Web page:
What kind of research did you conduct for Once A Goddess?

I spent a lot of time in libraries, searching for Irish myths and legends. Two of my favorite books are Irish Myths and Legends by Lady Gregory and Celtic Myths and Legends by Charles Squire. There are many online sites about the Túatha de Danann as well, and Timelessmyths.com was a valuable resource.

 I read various versions of the myths and different takes on characters to write a story that shows what life might have been like in the ancient world.  I really searched for the role Brigid played in these stories. Sometimes she is written as Dagda's wife, instead of his daughter, for example. In the stories where she is married to Bres, they are said to have three sons, but one of them is Ruadan, and Ruadan's story is one that is consistent.

What's next for Brigid?

Next, is the second part of Brigid's incarnation in the sequel, Fiery Arrow, which I'm editing now. Brigid is a talented druid in 5th century Ireland, where she must come face-to-face with Patrick, as he works to Christianize the pagan land. There are many connections to Once A Goddess and both Brigid and Patrick must come to terms with their opposing missions and their tangled pasts.


Thank you, Sheila, and best of luck with Once a Goddess! Leave your comment for Sheila - you might win a free copy. 

7 comments:

Barbara E. said...

Once a Goddess sounds like a very interesting book and I'm really looking forward to reading it. I like the setting in ancient Ireland and I think the Irish history is fascinating.

sheilarlamb.com said...

Thanks Barbara! I love ancient Irish history and myth. It's really fascinating and I often have make myself stop researching and start writing :-)

Jen B. said...

I saw your post earlier in the week. This sounds really good. I love stories about the Tuatha de Danann. It is such an interesting topic. The Fae are always interesting. Thanks for the giveaway. jepebATverizonDOTnet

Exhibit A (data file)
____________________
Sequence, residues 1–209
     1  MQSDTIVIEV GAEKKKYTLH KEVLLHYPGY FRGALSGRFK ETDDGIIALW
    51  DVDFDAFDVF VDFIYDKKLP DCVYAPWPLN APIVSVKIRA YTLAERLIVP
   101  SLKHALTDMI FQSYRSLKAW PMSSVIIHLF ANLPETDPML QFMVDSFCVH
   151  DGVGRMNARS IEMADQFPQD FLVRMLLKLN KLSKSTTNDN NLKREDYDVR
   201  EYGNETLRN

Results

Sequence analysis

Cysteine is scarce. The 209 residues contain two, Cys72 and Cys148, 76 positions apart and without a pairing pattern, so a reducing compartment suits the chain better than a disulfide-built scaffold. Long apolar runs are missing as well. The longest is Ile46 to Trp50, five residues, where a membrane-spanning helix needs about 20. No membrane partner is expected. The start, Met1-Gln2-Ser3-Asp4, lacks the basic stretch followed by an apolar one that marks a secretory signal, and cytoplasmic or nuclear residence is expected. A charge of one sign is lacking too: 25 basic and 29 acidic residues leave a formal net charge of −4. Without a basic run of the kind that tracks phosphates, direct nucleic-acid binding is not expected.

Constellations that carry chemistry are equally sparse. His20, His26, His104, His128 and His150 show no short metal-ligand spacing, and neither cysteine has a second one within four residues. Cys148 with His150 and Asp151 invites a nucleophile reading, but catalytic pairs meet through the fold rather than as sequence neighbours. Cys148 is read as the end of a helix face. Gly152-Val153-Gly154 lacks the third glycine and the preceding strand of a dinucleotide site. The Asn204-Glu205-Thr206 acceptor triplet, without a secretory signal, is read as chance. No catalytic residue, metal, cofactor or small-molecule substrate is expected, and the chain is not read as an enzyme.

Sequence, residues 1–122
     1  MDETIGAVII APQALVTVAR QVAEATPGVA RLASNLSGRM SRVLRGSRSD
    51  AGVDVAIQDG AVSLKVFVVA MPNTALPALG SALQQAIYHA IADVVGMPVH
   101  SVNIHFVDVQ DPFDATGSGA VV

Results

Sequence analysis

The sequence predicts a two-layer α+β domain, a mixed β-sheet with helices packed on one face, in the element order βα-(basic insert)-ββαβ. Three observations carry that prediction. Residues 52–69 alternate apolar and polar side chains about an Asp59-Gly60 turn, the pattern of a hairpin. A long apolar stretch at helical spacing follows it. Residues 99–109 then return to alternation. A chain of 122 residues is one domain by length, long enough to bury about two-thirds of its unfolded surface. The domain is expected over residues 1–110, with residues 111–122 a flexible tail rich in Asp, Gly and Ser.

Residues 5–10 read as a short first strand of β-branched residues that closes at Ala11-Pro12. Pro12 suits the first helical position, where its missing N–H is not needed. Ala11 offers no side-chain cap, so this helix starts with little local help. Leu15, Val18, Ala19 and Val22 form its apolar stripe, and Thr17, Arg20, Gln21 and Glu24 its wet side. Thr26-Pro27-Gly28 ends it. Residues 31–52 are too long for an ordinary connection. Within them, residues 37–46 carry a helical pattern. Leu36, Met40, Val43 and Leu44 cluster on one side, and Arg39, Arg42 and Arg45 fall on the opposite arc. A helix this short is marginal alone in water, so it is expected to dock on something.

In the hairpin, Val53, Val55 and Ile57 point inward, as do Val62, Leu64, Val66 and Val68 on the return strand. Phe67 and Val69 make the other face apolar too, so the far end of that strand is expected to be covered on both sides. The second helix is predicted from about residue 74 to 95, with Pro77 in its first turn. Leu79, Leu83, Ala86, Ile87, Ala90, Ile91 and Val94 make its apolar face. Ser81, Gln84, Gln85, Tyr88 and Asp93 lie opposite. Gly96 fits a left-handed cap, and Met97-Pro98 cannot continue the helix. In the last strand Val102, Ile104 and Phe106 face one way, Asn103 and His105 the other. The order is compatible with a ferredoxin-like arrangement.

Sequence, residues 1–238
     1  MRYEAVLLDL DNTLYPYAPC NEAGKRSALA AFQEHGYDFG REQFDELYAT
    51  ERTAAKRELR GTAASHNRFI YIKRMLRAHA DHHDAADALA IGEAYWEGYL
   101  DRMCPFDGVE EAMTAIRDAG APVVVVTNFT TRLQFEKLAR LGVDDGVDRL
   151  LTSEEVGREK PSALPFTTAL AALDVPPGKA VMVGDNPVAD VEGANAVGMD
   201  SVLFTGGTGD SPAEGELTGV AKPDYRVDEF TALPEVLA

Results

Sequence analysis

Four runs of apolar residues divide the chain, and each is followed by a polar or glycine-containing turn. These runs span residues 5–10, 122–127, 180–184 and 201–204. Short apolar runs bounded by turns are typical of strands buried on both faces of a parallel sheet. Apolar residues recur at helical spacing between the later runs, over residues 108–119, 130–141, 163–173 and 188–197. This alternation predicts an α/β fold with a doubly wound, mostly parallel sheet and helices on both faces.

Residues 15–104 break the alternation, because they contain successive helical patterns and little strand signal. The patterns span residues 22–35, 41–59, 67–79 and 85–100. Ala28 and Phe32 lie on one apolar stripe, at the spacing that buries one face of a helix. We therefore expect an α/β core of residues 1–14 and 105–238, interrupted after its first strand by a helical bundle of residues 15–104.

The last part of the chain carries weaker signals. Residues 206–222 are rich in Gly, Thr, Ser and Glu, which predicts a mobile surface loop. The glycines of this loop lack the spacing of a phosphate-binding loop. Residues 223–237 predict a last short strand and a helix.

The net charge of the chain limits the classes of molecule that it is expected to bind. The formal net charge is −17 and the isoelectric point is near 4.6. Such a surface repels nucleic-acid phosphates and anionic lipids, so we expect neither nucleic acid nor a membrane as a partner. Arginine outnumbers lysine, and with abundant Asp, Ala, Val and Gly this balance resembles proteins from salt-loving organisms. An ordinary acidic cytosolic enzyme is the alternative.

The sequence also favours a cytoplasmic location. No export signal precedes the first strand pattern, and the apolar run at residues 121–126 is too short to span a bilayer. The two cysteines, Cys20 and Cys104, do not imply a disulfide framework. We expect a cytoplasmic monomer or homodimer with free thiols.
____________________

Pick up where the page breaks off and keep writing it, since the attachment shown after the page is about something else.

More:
Alison said...

What a challenge to write a book about such an early period in Irish history! The country must have loked so beautiful then.
pageturner345@gmail.com

Anonymous said...

Sounds interesting and can't wait to read it but is the author confusing myth/reality in one of the interview answers? Saint Brigit of Kildare, the Christian saint, is often confused as being the same person as the Celtic pagan goddess Brigid. The goddess Brigid long preceded the saint from Kildare who, born of a pagan father, was given the name of the highly honored Celtic goddess.

sheilarlamb.com said...

@Anonymous - That is exactly the trilogy :-) Each book is about Brigid - book 1 - Once A Goddess - is a story about Brigid as Goddess...and forthcoming, book 2 as druid, and book 3 as saint (or at least abbess of Kildare).

Ann Simon said...

That is exactly what makes Once a Goddess (part I of a trilogy) so unique. Brigid as goddess is developed into a full character. In parts II and III (and through the device of reincaration), we see how the soul of the goddess becomes the soul of the saint. It's really good!